France is a very logical nation. France refused to take any action at the United Nations to suppress Southern Rhodesia. Why was that? It was because General de Gaulle's representative said, "If we acknowledge that the United Nations has any right to interfere in this matter, we are tacitly accepting that Mr. Smith's Rhodesia is an independent nation and no longer part of the British Commonwealth. It is a matter entirely for Britain." He said that France would not interfere, and if we once accept the point that Mr. Smith has to be left alone this ceases to be a British affair and becomes the affair of the United Nations and of every country, with Britain playing a very minor part in it.

Britain has therefore accepted the responsibility. The hon. Member approves of that, and his leaders approved of it, and demanded it, but now they do not want to allow Britain to accept its responsibility and do the job in the best way she can. It may be that some of these steps will not be successful, but hon. Members opposite should not be quite so pessimistic.

We have applied sanctions. Since the League of Nations days it has always been the policy of this party that the countries of the League of Nations—now of the United Nations—should try to avoid war if it were possible; that they should use every method short of war to bring rebels and rebellion into order. Had the other nations backed up sanctions in the case of Abyssinia, Mussolini would have come to heel, but the application of sanctions was blacklegged by certain nations and the whole policy collapsed.

This is where I rather differ from my hon. Friend the Member for Ebbw Vale. Mr. Smith has declared war on the whole Commonwealth. He has declared war on the principles of his Government. That war has to be fought. How do we fight it? Do we allow every Tom, Dick and Harry to rush in prematurely and be beaten? Bernard Shaw wrote a play called "Lord Augustus Does His Bit." Lord Augustus was a terriffic leader in the Army. He was told to retreat. He would never retreat—being a true Briton—so he rushed forward and, of course, was taken prisoner. When the Germans interviewed him, he told them that he would not retreat and gave them his ideas on military strategy. So the Germans said, "You are the man we want. We are prepared to exchange you with any general in the British Army and we will send you back to help the British," because that kind of warfare where people put themselves out on a limb is just not winning a war or a battle.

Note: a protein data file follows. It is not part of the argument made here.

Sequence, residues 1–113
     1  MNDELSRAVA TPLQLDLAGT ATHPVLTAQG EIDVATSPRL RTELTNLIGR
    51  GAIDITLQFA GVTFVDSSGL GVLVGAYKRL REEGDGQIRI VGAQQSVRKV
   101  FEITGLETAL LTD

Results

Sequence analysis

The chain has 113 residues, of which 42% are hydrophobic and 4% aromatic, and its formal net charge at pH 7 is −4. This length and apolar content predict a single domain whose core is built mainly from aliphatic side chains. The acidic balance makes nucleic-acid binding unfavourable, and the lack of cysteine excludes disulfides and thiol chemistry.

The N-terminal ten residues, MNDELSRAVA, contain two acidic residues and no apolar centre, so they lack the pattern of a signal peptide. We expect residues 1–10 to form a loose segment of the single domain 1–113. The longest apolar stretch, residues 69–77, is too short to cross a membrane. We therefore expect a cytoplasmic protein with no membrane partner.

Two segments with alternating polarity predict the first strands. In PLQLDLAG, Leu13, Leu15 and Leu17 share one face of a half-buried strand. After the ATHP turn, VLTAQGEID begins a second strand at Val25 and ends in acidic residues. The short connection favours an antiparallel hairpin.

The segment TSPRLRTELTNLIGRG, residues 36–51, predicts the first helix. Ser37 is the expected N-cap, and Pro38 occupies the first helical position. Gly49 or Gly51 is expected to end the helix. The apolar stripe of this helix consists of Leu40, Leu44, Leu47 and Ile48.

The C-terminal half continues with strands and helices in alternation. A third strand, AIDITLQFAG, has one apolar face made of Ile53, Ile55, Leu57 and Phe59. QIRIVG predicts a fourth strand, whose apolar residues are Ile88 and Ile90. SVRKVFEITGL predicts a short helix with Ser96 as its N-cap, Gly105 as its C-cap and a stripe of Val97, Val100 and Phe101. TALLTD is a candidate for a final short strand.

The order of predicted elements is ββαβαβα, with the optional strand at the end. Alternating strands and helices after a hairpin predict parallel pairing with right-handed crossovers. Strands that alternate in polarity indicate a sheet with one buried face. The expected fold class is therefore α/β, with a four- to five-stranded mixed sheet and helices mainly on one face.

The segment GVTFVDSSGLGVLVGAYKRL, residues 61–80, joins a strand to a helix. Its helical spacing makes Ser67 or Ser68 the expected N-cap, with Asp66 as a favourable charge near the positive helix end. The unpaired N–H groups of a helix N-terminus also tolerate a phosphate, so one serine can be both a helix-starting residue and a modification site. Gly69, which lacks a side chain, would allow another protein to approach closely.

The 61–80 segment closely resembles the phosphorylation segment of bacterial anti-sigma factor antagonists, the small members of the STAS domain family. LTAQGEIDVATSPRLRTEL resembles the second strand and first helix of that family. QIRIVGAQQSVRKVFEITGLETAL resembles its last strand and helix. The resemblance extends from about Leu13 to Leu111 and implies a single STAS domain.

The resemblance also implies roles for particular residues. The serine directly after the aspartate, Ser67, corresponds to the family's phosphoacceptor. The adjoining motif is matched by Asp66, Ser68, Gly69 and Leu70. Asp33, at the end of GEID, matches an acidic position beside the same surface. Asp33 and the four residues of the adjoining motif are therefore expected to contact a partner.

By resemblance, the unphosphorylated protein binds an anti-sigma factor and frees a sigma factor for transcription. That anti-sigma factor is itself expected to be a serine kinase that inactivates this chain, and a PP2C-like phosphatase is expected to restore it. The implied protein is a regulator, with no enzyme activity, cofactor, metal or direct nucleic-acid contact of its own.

When we have people in charge of an operation, they have to handle it in the way that is best. As I gather, the Prime Minister said that the way to do it was to make sure that oil sanctions would be effective before imposing them. That is to say, we had to get agreement amongst the oil-dealing nations to impose sanctions and not tackle it spasmodically by stopping a ship here and there. That was the policy declared last week, and I do not remember it being altered. I therefore cannot understand this excitement.

I cannot appreciate why, until this policy is altered, someone should want to start a guerrilla war, stopping a ship here and there. If this policy is to be effective it has to be applied, as it should have been in the case of Abyssinia, by all the nations involved. I am not convinced about the part of Portugal and South Africa. They might be inviting too much trouble getting mixed up with Rhodesia. They should be careful. They themselves are vulnerable to world opinion and may also be vulnerable to other things that might reflect on them if they were to get mixed up in sanctions.

It has been suggested that we ought to use troops. I have a certain sympathy with those who feel a measure of caution here. I remember Suez, when right hon. and hon. Members opposite used troops. The worst thing in the world for this country is to start to use troops without being prepared to make a job of it. The reason why the Africans are calling for us to use troops is that they know that their troops would be no match for the very effective Southern Rhodesian troops, who are well equipped and well armed. Obviously, the Africans would suffer terrible casualties if they entered upon war. They would do it if necessary, but they want Britain to do the job.